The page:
3,235 Instagram accounts got word that CALS’ Ag Days was on last week. It made an impression — 64,581 to be precise and generated 523 interactions including answers to questions. The COVID-19-prompted move to an online event drew 26 new followers and 247 profile visits for CALS. The top post was the first photo of campus on Oct. 5 that reached 741 and drew 102 likes. The top story was a Welcome to Ag Days slide that reached 401.
Our Stories — Child Centers Merge Efforts
The two early childhood centers on the U of I campus now operate as one with different missions but the same goal: providing young children with safe, nurturing environments.
The centers also offer U of I students studying childhood development and early childhood education opportunities for hands-on learning and faculty opportunities to conduct research.
The U of I Children’s Center along Sweet Avenue now administers the Margaret Ritchie School of Family and Consumer Sciences Child Development Laboratory based in the Niccolls Building. The lab continues to provide a living classroom for undergraduate and graduate students and an important research facility to faculty.
“We wanted to find a way to make sure the Child Development Laboratory remains sustainable in these challenging times, and we found an ideal partner in the Dean of Students office and the U of I Children’s Center,” FCS Director Shelley McGuire said. “It’s a reorganization that really makes sense. We’re a perfect match.”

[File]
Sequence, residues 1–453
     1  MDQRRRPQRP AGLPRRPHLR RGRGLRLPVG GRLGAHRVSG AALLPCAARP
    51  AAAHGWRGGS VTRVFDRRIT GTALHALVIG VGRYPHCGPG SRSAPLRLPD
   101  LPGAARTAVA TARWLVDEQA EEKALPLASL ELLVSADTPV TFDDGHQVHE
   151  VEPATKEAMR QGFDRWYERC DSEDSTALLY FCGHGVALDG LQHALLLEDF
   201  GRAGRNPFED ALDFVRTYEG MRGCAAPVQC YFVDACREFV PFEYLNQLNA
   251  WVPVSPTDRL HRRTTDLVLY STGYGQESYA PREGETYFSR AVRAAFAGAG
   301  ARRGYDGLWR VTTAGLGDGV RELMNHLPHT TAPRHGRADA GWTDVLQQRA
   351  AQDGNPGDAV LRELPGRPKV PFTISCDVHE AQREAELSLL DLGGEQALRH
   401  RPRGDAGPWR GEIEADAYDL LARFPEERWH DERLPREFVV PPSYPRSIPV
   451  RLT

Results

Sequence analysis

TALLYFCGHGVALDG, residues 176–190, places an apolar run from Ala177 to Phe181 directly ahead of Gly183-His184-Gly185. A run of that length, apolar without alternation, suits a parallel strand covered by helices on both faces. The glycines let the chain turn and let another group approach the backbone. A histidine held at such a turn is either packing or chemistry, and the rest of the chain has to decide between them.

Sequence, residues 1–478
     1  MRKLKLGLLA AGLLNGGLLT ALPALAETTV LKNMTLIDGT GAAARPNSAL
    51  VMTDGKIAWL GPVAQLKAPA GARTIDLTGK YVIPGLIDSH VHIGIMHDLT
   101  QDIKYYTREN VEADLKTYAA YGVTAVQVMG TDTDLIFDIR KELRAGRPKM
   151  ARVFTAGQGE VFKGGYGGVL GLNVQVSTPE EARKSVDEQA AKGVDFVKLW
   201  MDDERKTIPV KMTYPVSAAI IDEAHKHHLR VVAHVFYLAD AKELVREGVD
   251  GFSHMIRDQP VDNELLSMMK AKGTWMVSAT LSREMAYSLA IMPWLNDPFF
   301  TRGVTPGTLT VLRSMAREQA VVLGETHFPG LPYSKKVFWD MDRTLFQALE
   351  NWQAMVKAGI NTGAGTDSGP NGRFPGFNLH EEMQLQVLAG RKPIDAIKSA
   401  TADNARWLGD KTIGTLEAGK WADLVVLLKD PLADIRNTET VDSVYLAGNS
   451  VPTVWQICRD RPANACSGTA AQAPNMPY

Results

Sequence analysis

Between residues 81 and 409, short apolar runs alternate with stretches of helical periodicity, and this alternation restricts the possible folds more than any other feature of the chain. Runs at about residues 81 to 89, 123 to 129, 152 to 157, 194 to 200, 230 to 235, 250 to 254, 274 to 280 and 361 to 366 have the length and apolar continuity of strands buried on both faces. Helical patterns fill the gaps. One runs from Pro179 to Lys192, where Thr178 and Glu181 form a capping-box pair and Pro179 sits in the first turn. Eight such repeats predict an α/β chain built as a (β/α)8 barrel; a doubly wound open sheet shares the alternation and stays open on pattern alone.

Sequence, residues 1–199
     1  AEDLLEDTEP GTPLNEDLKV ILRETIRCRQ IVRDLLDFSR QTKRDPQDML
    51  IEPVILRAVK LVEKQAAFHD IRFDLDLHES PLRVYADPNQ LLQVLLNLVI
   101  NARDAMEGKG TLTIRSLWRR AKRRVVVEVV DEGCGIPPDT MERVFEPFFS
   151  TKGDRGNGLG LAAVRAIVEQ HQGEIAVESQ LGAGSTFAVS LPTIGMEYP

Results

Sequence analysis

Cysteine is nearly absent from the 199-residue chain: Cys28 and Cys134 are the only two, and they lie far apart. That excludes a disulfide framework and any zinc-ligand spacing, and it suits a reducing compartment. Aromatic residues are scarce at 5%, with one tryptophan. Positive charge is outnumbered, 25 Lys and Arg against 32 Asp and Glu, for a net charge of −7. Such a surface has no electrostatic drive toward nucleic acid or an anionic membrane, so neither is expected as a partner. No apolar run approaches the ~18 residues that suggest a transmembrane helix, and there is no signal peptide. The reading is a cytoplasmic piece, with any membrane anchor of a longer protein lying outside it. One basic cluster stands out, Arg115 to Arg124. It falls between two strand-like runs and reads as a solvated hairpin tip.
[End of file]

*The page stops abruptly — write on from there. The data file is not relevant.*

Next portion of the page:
The synergy between the two early childhood facilities met the FCS and U of I goals to serve students, faculty and community. “It’s such an important facility for education and research and to provide a high quality preschool experience that we had to find a long-term solution,” McGuire said.
Both the center and the lab remain focused on students, prioritizing U of I students’ young children and offering their services to the wider university and regional community as openings are available.
The merger of the two centers earlier this year reflected a desire to ensure children in both campus facilities continue to receive the best care, said Megan Robison, who now directs both.
The center and the lab are both accredited by the National Association for the Education of Young Children — the only two early childhood centers in Moscow to boast this fact. Both will continue to operate as they have in the past, she said.